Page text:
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0

This is working now. There was a problem on the Bioconductor site earlier. Try it again.


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Thanks to @Vince, he gave me an interesting idea. ggplot2 is based on layers so I decided to try something similar in lattice with as.layer(). First I spitted my data in three groups, one per level fm1<-filter(fmeans, group=="Ave-int") fm2<-filter(fmeans, group=="Mini-int") fm3<-filter(fmeans, group=="High-int") line1<-fm2[43,] ...


2

The package installr is only available for Windows. You are using a linux OS. See OS_type: windows at https://cran.r-project.org/web/packages/installr/index.html To update the R version on your redhat system, see the installation instructions at https://cran.r-project.org/


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Just use as.character: > d = DNAString(paste0(sample(c("A","C","T","G"),600,TRUE),collapse="")) > d 600-letter "DNAString" instance seq: CACATTTCTGAAGGTGTTGAGCGGCATCATATAAAC...CATAAACATAATTGCTTGTTTAGTCTACCAAACGCT > as.character(d) [1] ...


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You can use toString or as.character. See the documentation on coercion of XStrings: Description The DNAString, RNAString and AAString classes are similar containers but with the more biology-oriented purpose of storing a DNA sequence (DNAString), an RNA sequence (RNAString), or a sequence of amino acids (AAString). All those containers ...


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As the name says, vcountPattern only counts pattern matches. It does not provide you with the location. Use vmatchPattern for that. Unfortunately this function doesn’t support with.indels = TRUE (yet?) — which is both annoying and a bit hard to understand.1 However, you can use matchPattern instead. Since matchPattern only operates on a single sequence ...


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Build the ExpressionSet (without filtering) exampleSet <- ExpressionSet(assayData=exprs, phenoData=phenoData) and then subset, using the exprs() function to work with the underling matrix of expression values: exampleSet[, colSums(is.na(exprs(exampleSet))) < 0.8] Ask questions about Bioconductor packages on the Bioconductor support site.


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I recommend to filter your data before applying other functions, this way you will have less data to manage. I would also recommend you to write your own functions to reduce same code for different data sets. You could do: data_with_entrez <- data[data$EntrezID > 0, ] or create your own function: filter_clean <- function(data, keeps){ ...


1

You could just drop the NAs from the dataframe before you go to plot or impute the values if you're willing to modify the data's structure. You might have to remove the NA's column by column. Like this: First, make a pretty dataframe: df<- data.frame(userid=seq(1,100,1), numVarA=rnorm(100, mean=0, sd=1), numVarB=rnorm(100, mean=2, sd=1), ...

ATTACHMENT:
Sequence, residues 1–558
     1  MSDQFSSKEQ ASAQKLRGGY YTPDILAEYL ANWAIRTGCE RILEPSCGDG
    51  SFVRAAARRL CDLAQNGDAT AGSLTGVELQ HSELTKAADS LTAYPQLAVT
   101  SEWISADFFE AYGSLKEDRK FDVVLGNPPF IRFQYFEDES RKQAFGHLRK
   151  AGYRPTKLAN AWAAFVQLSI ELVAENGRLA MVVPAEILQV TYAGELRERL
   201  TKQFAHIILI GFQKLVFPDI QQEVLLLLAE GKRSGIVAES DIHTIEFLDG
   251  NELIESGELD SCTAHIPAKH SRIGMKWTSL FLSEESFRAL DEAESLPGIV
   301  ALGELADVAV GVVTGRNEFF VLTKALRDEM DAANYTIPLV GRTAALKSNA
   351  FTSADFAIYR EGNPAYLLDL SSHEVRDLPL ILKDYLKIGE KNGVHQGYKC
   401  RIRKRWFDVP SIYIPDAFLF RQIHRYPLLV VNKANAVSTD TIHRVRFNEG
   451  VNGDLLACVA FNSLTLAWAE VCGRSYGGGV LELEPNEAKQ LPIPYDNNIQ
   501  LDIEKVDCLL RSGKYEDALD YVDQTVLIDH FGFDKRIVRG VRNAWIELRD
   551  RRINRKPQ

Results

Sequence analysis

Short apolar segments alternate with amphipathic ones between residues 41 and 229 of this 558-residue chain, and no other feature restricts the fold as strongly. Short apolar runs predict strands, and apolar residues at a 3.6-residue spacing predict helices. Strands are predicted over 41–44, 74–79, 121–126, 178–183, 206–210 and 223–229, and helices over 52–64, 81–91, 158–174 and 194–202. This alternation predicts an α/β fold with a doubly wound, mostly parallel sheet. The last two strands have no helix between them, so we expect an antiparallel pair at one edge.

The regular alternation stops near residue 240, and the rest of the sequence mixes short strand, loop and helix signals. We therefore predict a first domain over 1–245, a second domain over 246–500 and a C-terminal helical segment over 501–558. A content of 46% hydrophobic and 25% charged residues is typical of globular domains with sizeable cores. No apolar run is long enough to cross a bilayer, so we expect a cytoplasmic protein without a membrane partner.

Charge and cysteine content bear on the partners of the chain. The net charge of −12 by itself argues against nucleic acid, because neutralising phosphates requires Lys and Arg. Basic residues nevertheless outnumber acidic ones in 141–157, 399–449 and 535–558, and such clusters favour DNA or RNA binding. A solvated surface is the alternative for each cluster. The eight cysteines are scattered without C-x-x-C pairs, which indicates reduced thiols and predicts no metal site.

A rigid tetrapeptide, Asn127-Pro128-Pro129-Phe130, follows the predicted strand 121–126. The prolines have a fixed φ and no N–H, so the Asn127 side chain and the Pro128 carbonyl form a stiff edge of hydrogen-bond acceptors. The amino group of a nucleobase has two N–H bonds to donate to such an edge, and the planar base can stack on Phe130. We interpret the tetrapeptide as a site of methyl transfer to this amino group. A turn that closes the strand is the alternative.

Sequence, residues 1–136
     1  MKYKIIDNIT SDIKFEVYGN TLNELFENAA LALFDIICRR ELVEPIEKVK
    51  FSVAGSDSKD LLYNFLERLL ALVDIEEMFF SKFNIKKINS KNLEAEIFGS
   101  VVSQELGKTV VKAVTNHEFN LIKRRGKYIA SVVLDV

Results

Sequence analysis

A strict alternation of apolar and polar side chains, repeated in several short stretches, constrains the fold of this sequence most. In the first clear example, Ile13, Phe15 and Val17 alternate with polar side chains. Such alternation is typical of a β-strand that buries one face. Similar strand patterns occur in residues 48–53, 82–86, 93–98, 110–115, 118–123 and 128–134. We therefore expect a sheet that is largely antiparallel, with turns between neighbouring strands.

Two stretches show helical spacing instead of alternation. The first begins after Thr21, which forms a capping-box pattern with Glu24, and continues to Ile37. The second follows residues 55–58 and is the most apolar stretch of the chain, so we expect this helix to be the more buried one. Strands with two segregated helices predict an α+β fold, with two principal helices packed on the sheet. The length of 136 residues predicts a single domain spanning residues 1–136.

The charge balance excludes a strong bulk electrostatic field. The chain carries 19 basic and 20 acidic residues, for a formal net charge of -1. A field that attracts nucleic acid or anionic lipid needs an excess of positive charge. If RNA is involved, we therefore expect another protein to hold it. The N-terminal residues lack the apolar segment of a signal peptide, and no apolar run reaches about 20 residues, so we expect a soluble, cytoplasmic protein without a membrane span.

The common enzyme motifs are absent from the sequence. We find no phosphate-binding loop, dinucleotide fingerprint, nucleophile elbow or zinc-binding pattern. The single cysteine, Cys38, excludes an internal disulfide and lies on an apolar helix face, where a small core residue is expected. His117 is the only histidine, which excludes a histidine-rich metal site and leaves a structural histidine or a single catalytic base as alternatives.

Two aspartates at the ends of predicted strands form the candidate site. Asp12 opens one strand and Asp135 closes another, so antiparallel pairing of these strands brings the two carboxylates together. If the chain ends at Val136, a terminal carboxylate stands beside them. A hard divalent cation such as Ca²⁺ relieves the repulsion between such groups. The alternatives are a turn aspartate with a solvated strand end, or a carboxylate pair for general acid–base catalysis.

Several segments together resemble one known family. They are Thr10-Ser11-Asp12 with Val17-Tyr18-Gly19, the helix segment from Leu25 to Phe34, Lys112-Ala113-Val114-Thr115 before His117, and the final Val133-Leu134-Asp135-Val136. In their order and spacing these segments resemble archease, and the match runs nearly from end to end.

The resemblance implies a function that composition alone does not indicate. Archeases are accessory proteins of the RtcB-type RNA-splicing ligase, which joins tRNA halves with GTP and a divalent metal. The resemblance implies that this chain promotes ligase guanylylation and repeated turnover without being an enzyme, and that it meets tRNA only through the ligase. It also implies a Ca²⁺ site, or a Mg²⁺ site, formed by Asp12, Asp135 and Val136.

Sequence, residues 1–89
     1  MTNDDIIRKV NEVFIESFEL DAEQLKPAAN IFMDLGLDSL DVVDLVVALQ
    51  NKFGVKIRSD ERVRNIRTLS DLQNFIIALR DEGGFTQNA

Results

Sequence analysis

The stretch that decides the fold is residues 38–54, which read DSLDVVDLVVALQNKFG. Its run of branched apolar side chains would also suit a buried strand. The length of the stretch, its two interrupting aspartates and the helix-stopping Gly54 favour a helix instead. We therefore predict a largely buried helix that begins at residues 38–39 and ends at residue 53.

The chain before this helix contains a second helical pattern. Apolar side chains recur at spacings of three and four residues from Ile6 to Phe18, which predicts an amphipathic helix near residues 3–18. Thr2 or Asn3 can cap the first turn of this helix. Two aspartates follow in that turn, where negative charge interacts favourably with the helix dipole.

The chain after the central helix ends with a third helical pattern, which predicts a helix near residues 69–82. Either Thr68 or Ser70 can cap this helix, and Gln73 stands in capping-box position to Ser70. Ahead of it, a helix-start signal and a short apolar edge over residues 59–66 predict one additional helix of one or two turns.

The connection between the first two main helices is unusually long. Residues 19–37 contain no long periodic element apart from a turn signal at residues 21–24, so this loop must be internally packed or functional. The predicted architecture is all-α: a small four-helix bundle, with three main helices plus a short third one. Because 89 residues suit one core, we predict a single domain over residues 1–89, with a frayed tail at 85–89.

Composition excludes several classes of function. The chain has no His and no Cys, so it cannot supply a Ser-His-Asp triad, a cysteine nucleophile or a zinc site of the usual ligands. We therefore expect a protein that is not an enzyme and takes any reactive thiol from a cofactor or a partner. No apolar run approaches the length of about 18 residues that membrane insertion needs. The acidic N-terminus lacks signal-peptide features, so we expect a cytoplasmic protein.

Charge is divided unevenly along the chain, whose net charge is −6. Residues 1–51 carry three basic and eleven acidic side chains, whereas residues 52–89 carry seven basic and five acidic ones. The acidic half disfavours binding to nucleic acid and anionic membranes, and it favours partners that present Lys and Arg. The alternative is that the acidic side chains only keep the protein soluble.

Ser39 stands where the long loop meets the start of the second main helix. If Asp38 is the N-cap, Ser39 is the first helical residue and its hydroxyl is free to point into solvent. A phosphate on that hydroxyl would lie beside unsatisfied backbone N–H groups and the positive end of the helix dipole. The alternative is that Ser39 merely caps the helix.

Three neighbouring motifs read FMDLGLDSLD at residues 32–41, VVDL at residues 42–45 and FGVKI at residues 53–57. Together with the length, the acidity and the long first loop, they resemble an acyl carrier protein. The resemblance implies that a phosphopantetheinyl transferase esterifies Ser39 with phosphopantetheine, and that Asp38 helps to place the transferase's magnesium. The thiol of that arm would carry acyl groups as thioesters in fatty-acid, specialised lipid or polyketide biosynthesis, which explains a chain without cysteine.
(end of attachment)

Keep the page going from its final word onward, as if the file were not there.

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You don't have a recent version of R on your computer. Several packages require a more recent version. I suggest that you follow the instructions at https://cran.r-project.org/ on how to install the latest version of R (which is currently v3.2.1) and try again.


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If you look at the reference manual of the package, please notice on page 80 a list of methods available for this class. For groupval there is no 'setter' method, only 'getter', meaning you can't set values to the class using groupval (in contrast, method groups supports assignment). If you want to do something non-standard with the class, you will have to ...


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I was trying to debug my problem, and seem to have inadvertently found a solution. Since the problem seemed to be in the predict function so I stored the svmBag$pred function as a variable predfunct so I could see where it was not working predfunct<-function (object, x) { if (is.character(lev(object))) { out <- predict(object, as.matrix(x), type ...


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The error message is pointing toward the R package preprocessCore. Try installing it again. If doing everything from iPython: from rpy2.robjects import r r_src = """ source("http://www.bioconductor.org/biocLite.R") biocLite("preprocessCore") """ r(r_src) When done, and if the installation finishes succcesfully, it should work: from rpy2.robjects.packages ...


3

To simply remove the non-ASCII characters, you could use base R's iconv(), setting sub = "". Something like this should work: x <- c("Ekstr\xf8m", "J\xf6reskog", "bi\xdfchen Z\xfcrcher") # e.g. from ?iconv Encoding(x) <- "latin1" # (just to make sure) x # [1] "Ekstrøm" "Jöreskog" "bißchen Zürcher" iconv(x, "latin1", "ASCII", sub="") # ...


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I confess I have not tried to reproduce all of your steps. However, all you're attempting to do is go from an "SVM", which works, to a "bagging ensemble of SVMs". I'm not sure if you know entirely what that means, but here it is in a nutshell: Instead of just making 1 model using all of the (training) data, you are: making several models where each ...



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